Postvitrectomy hypotonia : the role of the vitreous and retinochoroidal lesions

  • Hermann D. Schubert
  • Kunyan Kuang
  • Jorge Fischbarg
Laboratory investigations


The pathomechanisms of hypotonia after vitrectomy remain obscure. To examine the possible escape of intraocular fluid through the ocular wall, hydraulic fluid conductivity was measured across preparations of retina, pigmented epithelium, and choroid isolated from rabbit eyes 1, 3, 5, or 7 weeks after the production of laser or cryopexy lesions. The hydraulic conductivity measured in a modified Fischbarg-Bourguet chamber, was 0 in controls. At 1 and 3 weeks after transpupillary diode laser coagulation of the equatorial retina, hydraulic conductivity was measurable. However, the conductivity of these preparations returned to 0 by 5 weeks. After transscleral cryopexy, conductivity remained elevated for 7 weeks. Break-up of residual cortical vitreous with hyaluronidase increased the conductivity of “mature” cryopexy lesions to the values obtained 1 week after injury. These results suggest that there is escape of fluid across retinochoroidal lesions; fluid conductance typically decreases over time; an intact cortical gel can hinder conductance and seal the retinochoroidal leak. Thus, the risk factors for hypotonia appear to include extensive retinochoroidal lesions and the absence of a normal cortical vitreous in aphakia and/or after aggressive vitrectomy.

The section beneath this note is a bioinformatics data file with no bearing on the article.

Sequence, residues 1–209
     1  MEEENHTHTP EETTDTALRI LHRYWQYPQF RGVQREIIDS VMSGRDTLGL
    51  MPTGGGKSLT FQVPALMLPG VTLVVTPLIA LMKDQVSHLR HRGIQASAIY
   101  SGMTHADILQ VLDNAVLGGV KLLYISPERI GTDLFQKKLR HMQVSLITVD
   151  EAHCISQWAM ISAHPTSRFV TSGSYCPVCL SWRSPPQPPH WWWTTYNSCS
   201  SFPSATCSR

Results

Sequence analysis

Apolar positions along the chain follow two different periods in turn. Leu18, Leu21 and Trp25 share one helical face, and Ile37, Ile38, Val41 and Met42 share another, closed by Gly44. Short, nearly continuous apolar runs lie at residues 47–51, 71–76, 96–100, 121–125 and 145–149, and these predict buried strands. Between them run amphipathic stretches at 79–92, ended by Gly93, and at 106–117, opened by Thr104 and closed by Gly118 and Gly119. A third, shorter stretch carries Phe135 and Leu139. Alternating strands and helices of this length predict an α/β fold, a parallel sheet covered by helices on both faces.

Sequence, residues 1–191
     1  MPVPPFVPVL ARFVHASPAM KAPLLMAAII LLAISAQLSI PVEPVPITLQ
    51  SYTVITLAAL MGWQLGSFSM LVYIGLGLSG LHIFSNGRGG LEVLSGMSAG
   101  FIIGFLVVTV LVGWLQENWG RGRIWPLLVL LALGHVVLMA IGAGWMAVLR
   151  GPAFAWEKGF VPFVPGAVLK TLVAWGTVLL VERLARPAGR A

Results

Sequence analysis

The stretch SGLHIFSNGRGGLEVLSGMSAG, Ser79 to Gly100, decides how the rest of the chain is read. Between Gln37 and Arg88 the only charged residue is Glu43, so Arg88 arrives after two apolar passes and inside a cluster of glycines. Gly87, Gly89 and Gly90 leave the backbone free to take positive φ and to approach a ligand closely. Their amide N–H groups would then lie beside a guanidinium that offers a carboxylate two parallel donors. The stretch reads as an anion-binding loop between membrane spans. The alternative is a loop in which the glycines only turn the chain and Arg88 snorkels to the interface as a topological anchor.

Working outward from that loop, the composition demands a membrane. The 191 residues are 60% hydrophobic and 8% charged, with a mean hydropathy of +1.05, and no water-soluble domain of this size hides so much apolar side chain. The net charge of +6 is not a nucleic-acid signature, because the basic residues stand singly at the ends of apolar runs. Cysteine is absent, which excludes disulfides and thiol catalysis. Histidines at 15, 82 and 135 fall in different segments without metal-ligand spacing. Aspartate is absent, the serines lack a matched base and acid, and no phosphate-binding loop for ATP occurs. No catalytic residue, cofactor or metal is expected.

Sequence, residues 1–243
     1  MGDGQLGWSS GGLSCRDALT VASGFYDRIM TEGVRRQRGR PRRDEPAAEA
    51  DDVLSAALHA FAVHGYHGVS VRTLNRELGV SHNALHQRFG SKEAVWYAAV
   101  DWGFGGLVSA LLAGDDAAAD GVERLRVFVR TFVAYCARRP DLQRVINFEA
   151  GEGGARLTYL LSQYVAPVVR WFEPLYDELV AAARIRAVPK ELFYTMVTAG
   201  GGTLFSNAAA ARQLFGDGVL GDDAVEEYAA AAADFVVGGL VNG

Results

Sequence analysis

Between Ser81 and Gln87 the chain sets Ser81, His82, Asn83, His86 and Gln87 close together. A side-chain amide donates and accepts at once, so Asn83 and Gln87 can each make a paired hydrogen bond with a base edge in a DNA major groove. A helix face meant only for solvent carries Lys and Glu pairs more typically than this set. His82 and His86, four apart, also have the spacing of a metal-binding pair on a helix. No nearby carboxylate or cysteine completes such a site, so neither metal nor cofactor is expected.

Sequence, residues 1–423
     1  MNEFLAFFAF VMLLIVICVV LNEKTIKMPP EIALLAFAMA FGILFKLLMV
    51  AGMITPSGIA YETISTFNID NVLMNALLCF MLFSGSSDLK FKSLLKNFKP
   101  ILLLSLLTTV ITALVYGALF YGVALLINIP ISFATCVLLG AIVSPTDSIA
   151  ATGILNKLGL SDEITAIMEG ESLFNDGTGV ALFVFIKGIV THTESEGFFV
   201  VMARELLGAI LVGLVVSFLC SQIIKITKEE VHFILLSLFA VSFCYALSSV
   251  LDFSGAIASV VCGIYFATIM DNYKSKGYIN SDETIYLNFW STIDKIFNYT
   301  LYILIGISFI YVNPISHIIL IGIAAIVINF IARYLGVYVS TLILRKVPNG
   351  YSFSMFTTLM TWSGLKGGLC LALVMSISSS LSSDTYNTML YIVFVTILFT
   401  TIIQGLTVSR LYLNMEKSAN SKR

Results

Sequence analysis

Public Health Retina Hydraulic Conductivity Diode Laser Pigment Epithelium 
These keywords were added by machine and not by the authors. This process is experimental and the keywords may be updated as the learning algorithm improves.


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Copyright information

© Springer-Verlag 1993

Authors and Affiliations

  • Hermann D. Schubert
    • 1
  • Kunyan Kuang
    • 1
  • Jorge Fischbarg
    • 1
  1. 1.Department of OphthalmologyCollege of Physicians and Surgeons, Columbia UniversityNew YorkUSA

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